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From Ancient Greek ἀρχαῖος (arkhaîos, original, ancient).



archeus (plural archei)

  1. (alchemy) The vital principle or force believed by the Paracelsians to be responsible for alchemical reactions within living bodies, and hence for the growth and continuation of life.
    • 1662, Henry More, An Antidote Against Atheism, Book II, A Collection of Several Philosophical Writings of Dr. Henry More, p. 68:
      " [] it must be the Modus of some other Substance latitant in the fluid Matter, and really distinguishable from it; which is either the Soul, or some seminal Form or Archeus, as the Chymist calls it [] "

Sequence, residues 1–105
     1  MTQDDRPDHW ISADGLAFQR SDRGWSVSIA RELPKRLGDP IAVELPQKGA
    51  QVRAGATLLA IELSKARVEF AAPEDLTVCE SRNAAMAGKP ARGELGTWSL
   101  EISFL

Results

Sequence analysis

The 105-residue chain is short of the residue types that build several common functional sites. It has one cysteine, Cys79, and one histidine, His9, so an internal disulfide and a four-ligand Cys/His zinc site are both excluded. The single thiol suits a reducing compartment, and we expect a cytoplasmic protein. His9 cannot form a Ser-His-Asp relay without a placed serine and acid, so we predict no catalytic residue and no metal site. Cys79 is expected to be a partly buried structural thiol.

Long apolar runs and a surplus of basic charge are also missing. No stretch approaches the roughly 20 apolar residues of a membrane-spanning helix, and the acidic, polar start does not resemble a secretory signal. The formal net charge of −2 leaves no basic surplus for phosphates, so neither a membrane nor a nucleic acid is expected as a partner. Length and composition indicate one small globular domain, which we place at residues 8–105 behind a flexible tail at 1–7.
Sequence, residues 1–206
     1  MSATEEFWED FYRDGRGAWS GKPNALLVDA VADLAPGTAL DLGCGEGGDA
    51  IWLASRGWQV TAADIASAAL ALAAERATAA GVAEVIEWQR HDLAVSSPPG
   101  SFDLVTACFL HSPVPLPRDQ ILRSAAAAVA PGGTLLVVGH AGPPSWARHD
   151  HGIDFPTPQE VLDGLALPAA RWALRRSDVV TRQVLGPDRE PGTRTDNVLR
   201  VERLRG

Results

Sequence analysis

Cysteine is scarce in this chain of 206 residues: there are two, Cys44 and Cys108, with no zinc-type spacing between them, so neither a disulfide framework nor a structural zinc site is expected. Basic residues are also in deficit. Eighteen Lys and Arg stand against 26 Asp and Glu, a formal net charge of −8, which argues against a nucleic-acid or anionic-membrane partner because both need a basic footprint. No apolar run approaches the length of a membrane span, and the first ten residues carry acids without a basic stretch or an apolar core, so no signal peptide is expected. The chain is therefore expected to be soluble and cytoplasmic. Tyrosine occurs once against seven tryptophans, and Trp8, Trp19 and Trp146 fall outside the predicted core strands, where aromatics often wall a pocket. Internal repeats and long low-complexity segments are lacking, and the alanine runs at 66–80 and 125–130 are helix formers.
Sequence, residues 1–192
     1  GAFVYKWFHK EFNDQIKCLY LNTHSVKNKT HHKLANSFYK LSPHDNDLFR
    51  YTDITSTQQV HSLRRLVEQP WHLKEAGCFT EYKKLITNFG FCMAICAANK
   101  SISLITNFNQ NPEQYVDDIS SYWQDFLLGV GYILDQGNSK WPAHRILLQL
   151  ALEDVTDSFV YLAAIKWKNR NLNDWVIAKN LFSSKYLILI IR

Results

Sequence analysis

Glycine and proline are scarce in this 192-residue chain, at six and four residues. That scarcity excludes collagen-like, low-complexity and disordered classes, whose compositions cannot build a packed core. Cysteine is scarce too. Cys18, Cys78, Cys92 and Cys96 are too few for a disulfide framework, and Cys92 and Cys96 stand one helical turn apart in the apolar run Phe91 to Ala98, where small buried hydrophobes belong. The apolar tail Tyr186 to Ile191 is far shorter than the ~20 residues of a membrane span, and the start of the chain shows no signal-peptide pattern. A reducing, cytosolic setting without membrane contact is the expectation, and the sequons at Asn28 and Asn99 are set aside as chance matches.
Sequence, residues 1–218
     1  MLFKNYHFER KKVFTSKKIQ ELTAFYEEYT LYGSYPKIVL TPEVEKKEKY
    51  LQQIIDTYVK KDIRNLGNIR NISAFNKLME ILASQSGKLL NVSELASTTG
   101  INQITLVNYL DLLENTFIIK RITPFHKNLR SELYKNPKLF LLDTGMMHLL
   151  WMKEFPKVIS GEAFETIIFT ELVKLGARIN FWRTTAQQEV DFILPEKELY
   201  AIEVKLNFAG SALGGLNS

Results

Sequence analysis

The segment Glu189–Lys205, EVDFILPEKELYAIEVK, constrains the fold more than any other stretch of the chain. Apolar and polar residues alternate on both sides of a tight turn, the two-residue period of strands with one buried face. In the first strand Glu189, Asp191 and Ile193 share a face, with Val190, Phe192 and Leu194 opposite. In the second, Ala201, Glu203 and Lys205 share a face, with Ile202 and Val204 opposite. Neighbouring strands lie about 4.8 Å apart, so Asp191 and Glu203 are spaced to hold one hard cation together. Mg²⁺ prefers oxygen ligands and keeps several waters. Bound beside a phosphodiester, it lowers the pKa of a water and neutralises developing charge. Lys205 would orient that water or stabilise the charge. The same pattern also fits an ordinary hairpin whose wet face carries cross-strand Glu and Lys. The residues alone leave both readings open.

• 2003, Roy Porter, Flesh in the Age of Reason (Penguin 2004, p. 56)
      Willis rejected not just scholasticism's ‘substantial forms’ but Paracelsus's ‘archeus’ doctrine as well.
    • 2006, Philip Ball, The Devil's Doctor, Arrow 2007, p. 250:
      But Paracelsus' theory of the archeus and the alchemy of life inevitably led him into deeper waters.